5 Reasons You Should Start Gardening in Your Twenties

5 Reasons You Should Start Gardening in Your Twenties

When it comes to gardening, most people tend to imagine older ladies in large-brimmed hats tending to flowerbeds outside their sprawling suburban homes. (At least, that’s what I think of.) So when my boyfriend and I started a backyard garden during our very first spring out of university, we were met with some surprise. Now that we’re into our third season of growing vegetables, fruits, and herbs, we can’t recommend it highly enough to other twenty-somethings! In fact, it seems that millennial gardeners are becoming a bit of a trend. (Finally, something millennials aren’t killing…) Here are five reasons why gardening in your twenties is a definite must-do. 

Gardening Relieves Stress

Whether you’re buried in work or struggling to find some, you’re probably pretty stressed out as a twenty-something. You’ve got all these crazy responsibilities! Why would you want to add one more with a garden? In a lot of ways, gardening can actually help you to relieve stress and improve your health. The combination of fresh air, sunshine, light exercise, and the meditative quality of your repetitive actions all contribute to a healthier mind and body. Even if you don’t have a backyard, use your balcony or a shared outdoor space to prepare your potted plants to get the same benefits. Gardening requires just enough attention to distract you from everything else that’s on your plate, so focus in and let nature soothe your soul.

Save Money and Reduce Food Waste

Joe and I love planting fruits, vegetables, and herbs that we would otherwise buy at the grocery store. On the one hand, this helps us avoid buying too much of a food that only comes in bulk. A recent example of this for me is collard greens. I only need a couple to make Tone It Up Bikini Wraps from the Nutrition Plan, but they only come in bunches of around a dozen. And I hate throwing out expired food. So now I’m growing my own collards in the backyard for the cost of a couple of bunches total, and I can pick the leaves whenever I need them.

On the other hand, you can get some serious mileage out of certain plants. Herbs are great for this, as you can dry them throughout the season and use them for the whole year. Our zucchini plant went nuts last year, too, so we definitely got our money’s worth in zucchini-based dishes!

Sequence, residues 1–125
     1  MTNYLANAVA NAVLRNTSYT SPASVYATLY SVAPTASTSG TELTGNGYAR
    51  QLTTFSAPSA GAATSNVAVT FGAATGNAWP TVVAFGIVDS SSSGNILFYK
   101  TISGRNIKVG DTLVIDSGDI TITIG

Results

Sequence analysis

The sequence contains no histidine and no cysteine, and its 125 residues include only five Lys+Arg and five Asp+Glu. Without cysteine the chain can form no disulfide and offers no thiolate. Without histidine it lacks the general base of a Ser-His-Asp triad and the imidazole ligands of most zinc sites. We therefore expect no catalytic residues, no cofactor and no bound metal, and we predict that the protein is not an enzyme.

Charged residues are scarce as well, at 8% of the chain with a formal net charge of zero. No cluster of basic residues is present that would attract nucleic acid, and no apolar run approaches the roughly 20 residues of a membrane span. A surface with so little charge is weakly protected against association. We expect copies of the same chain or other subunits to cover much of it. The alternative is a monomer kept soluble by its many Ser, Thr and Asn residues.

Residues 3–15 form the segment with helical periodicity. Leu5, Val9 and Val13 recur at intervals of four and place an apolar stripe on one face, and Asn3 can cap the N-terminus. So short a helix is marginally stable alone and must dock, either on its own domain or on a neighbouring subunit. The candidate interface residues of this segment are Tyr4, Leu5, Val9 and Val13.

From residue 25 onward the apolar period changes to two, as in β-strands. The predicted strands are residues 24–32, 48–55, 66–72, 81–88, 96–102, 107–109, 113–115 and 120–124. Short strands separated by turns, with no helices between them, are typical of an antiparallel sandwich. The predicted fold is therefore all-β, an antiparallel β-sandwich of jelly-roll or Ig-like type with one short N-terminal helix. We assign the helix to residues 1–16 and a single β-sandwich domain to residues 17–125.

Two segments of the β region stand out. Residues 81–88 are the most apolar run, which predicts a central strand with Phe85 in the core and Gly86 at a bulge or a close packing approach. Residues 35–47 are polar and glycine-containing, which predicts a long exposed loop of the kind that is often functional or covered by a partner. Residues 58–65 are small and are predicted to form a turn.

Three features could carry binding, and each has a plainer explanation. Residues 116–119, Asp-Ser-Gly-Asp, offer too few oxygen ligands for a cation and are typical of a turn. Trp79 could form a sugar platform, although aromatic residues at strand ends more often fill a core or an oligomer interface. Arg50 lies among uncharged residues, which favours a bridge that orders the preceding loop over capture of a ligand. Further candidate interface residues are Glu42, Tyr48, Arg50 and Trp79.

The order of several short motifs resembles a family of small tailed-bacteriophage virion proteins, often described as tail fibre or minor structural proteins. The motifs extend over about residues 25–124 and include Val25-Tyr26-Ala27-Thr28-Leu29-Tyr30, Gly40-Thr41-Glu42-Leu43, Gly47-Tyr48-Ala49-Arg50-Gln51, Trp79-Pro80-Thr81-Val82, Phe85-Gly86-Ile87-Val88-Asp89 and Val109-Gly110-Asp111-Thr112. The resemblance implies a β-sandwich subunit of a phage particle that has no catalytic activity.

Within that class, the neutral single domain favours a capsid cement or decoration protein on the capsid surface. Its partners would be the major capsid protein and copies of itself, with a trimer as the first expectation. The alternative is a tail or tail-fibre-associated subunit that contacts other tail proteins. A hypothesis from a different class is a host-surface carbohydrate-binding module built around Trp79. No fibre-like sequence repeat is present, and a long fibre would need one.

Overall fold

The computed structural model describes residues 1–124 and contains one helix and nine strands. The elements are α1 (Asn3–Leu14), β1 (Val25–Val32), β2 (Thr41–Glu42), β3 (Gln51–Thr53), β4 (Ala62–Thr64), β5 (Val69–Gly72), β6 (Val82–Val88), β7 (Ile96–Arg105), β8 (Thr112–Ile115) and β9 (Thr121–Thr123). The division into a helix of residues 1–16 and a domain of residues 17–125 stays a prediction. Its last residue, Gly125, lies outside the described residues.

Gardening in Your Twenties = Adulting Cred

I know it sounds crazy, but people seem to find it really cool when you tell them that your meal is made with homegrown produce. This is especially true if you grow things people aren’t used to seeing (lemon cucumbers, anyone?). Maybe you’re feeling like things are a mess and you don’t really have it all together. You could use all the “adulting cred” you can get. This probably won’t be a motivating factor in your decision to start gardening in your twenties, but it definitely helps!

The Process and the Payoff

I think of gardening as one of the most basic levels of responsibility leading to reward. (Other levels include taking care of pets, raising children, playing the Sims…) The nice thing about it is that, in general, you get out what you put in. If you plant your garden in the right amount of sunlight, water it, and give it a bit of fertilizer, the garden will be a success. There are other factors, of course. My particular issue has been with pests. But even still, I love watching my vegetables grow and ripen each day I go out to water them. And if all goes well, you come to my favourite part: eating them!

Practice for Your Future Garden

Someday, you too may be one of those older ladies in a large-brimmed hat, taking care of a beautiful, meticulously-groomed garden. And while we may not be there yet, I already know that it’s going to take work — and skill. Sure, you can pay someone to take care of the garden for you in the future. But why give up the hobby if it’s good for your health? I’m using these “starter” gardens at my rental house as practice for a “real” garden someday. I’m not very good at it yet, to be honest, but I’m hoping to improve!


Whether you’ve got a single windowsill or an entire backyard to work with, gardening in your twenties — and beyond — can be a calming and rewarding endeavour. Start small and keep trying new things — you’ll be growing in no time, in more ways than one!

What do you love about gardening?